Author Topic: Tuluk's Shadow Artists: Now With More Flavor  (Read 63584 times)

janeshephard

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Re: Tuluk's Shadow Artists: Now With More Flavor
« Reply #425 on: September 30, 2013, 07:15:43 AM »
Yes, I'm aware of that Lizzie.

I'm not filing a player complaint.
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Patuk

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Re: Tuluk's Shadow Artists: Now With More Flavor
« Reply #426 on: September 30, 2013, 08:38:07 AM »
I've never quite understood what the point of subtlety concerning matters everyone would be in full agreement over is, anyway. That said, RP on, I suppose.
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Nyr

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Re: Tuluk's Shadow Artists: Now With More Flavor
« Reply #427 on: September 30, 2013, 08:55:06 AM »
I'm just curious- as to the outrage over not being able to kill a templar...

Has anyone ever bought a contract for a Faithful to be murdered, from another Faithful? The way the system currently stands, you -still- have to go through the Faithful to order a hit on one, so you'd have to be really assured that the templar you talked to was for it themselves or didn't care.

I mean, it doesn't seem that it's really changing.


It's safe to say it has never happened.
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hyzhenhok

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Re: Tuluk's Shadow Artists: Now With More Flavor
« Reply #428 on: September 30, 2013, 10:44:54 AM »
Are Shadow Artists themselves legitimate targets for contracts?  If so, how would that be handled? If not, do you try to maintain secrecy or does the templar outright inform the person why the contract they want is no good?

Nyr

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Re: Tuluk's Shadow Artists: Now With More Flavor
« Reply #429 on: September 30, 2013, 11:33:28 AM »
Are Shadow Artists themselves legitimate targets for contracts?  If so, how would that be handled? If not, do you try to maintain secrecy or does the templar outright inform the person why the contract they want is no good?

I've never seen why not.  Targeting a tool is often something that has been done in the past if the tool is a visible extension of a patron.  However, hopefully this system can develop towards tactics that are more interesting.  Hire an artist to break in and scare the artist ("you should really THINK about where your loyalties lie").  If they leave the patron, they may go elsewhere...right?  Hire an artist to beat them up, if they can.  ("You have made a terrible mistake working for this person.  Think on your sins.")  Yes, killing them is possible, but leaving someone alive can create interesting roleplay.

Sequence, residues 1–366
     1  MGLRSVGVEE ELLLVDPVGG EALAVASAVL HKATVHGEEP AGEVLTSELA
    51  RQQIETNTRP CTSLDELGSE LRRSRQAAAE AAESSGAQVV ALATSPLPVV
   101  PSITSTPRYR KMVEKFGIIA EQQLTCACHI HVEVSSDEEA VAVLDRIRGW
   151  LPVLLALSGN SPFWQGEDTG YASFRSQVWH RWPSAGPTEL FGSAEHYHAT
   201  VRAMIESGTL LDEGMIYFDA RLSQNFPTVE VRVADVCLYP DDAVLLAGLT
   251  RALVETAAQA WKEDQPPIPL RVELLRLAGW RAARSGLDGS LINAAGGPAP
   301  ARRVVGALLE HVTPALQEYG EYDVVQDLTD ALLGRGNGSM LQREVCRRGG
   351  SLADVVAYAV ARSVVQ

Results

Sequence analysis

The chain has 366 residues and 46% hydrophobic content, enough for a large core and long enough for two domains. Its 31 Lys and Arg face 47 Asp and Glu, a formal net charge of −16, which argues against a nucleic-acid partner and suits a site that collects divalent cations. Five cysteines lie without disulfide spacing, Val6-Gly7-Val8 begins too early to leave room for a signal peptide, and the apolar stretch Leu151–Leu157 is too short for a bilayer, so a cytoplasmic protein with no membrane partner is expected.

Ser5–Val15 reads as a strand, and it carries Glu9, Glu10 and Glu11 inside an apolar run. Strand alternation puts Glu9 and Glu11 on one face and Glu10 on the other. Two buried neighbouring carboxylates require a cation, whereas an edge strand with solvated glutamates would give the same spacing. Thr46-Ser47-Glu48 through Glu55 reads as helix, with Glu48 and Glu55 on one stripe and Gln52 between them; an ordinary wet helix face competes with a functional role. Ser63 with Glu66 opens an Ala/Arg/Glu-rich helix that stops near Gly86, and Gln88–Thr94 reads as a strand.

Consider the beat-up artist.  They may well know who DID it (they see the sdesc/desc) but they know the artist has NOTHING to do with wanting to do it.  They are just a tool, too.  Retaliation against the tool MIGHT be silly.  Should they tell their patron?  Patron says "okay, I think this is who hired them, let's go after another one of THEIR tools once you recover," or "that artist doesn't seem to be a partisan of the target I think hired you for this, so leave them alone, they have nothing to do with it," or maybe the partisan just avoids telling the patron and quits because the threat works.
Paint on a mustache and be a dude for a day. Stuff some melons down my shirt, cinch up a corset and pass as a girl.

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Molten Heart

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Re: Tuluk's Shadow Artists: Now With More Flavor
« Reply #430 on: September 30, 2013, 11:39:08 AM »
For those concerned about not being able to take out an assassination contract on a templar, going outside the system is always an option.  This of course has it's own risks (but plotting against templars always do).

Desertman

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Re: Tuluk's Shadow Artists: Now With More Flavor
« Reply #431 on: September 30, 2013, 11:40:21 AM »
My biggest concern with this whole system is the, "you can't turn down a contract" concept.

This makes Shadow Artists, for better or worse, basically the "stealth unit" of the Legion.

Why not just make them Legion soldiers who specialize in stealthy things, and have it be an open secret that you can pay the templarate to have these soldiers complete "contracts" for you.

Fundamentally that is exactly what you are doing anyways. If the artists have to follow "orders" the same way Legion soldiers have to follow "orders" with no flexibility, they are basically just soldiers who don't live in the barracks.

I didn't see anything about artists being able to negotiate their own prices, or anything about the templarate hiring Shadow Artists themselves.

I see an issue with Templars "hiring" (ordering) Shadow Artists to take out their own enemies repeatedly at rock bottom prices. Why? Because they can, and the Shadow Artists have to take it, or they die.

Soldiers are soldiers, no matter what fancy name you put on them.
« Last Edit: September 30, 2013, 11:49:43 AM by Desertman »
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Riev

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Re: Tuluk's Shadow Artists: Now With More Flavor
« Reply #432 on: September 30, 2013, 12:01:54 PM »

I didn't see anything about artists being able to negotiate their own prices, or anything about the templarate hiring Shadow Artists themselves.

I see an issue with Templars "hiring" (ordering) Shadow Artists to take out their own enemies repeatedly at rock bottom prices. Why? Because they can, and the Shadow Artists have to take it, or they die.

Can Brokers set their own contracts? This is now concerning. Much in the "you killed an NPC. Your task now is to kill a specific southern Templat or you are never allowed back into the Ivory on pain of death"